Steve Titman, Summer Lodge Hotel, Dorset

Peter Evans

Peter Evans

Executive Chef 12th May 2009

IN ASSOCIATION WITH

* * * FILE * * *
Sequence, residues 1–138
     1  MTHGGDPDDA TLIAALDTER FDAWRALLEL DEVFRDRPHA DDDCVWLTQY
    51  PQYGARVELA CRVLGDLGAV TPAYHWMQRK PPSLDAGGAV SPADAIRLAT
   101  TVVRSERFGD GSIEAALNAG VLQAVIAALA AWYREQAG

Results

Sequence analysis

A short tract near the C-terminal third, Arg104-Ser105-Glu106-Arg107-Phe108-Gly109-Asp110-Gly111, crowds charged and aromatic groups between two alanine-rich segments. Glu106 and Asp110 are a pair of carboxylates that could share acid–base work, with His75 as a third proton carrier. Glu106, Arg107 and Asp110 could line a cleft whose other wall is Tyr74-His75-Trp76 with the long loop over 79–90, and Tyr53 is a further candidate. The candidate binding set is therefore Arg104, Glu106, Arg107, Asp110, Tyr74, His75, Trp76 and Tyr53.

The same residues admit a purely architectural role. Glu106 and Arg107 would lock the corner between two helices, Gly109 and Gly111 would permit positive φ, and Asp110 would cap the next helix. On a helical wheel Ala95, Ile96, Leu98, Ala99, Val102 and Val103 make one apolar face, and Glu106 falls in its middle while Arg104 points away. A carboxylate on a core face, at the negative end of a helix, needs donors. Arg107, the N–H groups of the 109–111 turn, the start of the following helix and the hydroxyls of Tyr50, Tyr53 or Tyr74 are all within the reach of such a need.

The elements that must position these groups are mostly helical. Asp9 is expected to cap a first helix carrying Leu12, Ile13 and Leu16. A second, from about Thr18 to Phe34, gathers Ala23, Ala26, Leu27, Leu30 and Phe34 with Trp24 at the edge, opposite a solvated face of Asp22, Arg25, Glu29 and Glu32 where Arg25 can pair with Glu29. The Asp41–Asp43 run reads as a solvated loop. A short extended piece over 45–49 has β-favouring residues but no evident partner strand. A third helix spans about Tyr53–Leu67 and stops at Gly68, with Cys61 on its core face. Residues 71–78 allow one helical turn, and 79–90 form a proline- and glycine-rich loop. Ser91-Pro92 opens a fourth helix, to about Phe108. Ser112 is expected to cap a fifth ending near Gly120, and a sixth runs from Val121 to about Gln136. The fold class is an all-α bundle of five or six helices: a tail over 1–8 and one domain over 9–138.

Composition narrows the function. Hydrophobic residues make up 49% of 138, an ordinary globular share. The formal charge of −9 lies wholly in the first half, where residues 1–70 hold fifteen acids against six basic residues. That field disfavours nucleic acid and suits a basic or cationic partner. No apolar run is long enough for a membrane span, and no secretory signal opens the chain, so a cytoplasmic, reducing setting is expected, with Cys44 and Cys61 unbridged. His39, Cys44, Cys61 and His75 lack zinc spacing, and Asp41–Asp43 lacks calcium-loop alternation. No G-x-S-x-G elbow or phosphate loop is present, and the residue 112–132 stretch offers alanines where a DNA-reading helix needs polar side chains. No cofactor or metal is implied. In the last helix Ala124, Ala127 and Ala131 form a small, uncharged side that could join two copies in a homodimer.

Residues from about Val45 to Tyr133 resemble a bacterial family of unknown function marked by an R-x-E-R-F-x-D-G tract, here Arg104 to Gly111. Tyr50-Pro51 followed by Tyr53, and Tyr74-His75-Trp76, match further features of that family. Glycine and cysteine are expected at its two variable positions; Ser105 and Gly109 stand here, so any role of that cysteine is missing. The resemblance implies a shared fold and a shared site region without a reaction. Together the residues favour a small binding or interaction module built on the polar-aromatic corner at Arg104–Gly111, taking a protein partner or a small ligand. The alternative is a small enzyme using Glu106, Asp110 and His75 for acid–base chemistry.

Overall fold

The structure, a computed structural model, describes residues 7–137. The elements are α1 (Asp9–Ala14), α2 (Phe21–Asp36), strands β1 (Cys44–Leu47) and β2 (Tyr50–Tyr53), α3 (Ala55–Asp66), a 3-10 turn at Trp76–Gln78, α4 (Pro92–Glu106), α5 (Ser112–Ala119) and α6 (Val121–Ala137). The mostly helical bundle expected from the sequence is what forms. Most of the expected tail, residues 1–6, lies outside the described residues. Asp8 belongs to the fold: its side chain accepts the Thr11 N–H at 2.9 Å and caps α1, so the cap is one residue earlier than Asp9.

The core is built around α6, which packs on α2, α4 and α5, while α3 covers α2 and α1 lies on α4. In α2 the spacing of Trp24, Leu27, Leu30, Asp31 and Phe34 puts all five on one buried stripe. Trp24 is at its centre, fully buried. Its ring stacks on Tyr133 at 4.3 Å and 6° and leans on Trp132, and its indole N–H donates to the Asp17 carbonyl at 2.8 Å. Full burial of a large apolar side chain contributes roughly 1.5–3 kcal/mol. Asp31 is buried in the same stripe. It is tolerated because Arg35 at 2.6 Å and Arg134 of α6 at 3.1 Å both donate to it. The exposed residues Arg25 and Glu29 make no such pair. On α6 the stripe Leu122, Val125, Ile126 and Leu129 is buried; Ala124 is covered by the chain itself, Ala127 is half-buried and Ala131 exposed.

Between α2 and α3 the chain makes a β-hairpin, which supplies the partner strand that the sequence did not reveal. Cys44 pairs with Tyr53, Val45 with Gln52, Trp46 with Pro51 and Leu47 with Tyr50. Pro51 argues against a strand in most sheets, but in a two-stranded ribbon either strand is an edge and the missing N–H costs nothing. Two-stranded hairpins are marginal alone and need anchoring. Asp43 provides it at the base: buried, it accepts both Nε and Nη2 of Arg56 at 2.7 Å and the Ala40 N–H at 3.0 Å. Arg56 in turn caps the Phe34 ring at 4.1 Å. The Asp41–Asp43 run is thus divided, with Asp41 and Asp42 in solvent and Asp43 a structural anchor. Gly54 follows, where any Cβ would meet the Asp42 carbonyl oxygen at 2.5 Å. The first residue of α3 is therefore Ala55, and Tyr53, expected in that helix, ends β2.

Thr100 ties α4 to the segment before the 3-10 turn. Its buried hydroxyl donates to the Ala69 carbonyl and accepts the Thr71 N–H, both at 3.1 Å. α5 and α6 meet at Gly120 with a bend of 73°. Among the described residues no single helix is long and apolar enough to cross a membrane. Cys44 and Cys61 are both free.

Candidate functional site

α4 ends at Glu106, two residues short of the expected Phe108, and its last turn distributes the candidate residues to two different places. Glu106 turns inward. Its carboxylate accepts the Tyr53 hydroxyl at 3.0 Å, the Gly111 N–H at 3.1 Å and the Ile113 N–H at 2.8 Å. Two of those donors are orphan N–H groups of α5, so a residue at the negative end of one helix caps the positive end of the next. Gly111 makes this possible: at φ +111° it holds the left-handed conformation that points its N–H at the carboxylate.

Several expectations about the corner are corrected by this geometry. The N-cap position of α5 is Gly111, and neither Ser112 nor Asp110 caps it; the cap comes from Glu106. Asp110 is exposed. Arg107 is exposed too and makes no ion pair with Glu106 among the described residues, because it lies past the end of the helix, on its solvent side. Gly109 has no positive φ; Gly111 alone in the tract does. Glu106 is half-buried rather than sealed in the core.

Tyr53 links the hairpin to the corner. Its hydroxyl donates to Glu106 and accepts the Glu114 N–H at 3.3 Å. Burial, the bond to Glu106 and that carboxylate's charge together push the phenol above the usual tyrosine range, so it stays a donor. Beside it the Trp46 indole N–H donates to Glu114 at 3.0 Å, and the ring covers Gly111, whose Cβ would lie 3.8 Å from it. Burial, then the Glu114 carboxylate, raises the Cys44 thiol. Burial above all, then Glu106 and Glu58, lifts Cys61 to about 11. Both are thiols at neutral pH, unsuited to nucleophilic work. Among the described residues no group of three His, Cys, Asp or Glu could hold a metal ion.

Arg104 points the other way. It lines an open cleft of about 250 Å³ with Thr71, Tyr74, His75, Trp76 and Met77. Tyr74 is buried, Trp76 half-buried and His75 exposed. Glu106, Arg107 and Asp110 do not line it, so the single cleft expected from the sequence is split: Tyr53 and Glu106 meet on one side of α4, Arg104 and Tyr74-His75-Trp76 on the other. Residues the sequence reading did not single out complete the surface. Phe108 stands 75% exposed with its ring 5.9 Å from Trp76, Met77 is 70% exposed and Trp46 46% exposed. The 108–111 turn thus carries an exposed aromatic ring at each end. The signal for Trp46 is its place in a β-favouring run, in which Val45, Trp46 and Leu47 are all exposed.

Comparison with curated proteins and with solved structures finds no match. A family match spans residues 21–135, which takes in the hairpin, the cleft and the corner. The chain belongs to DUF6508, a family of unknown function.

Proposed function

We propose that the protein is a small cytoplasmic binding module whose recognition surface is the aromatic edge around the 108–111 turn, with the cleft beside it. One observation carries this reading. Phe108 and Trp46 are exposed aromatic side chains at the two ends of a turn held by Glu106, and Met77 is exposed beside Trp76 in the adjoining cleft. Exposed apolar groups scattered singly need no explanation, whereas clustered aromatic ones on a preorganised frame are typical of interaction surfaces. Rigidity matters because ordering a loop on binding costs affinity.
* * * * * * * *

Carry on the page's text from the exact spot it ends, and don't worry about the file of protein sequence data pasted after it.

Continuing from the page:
This month's Featured Chef...

Steve Titman

Executive Chef, Summer Lodge Hotel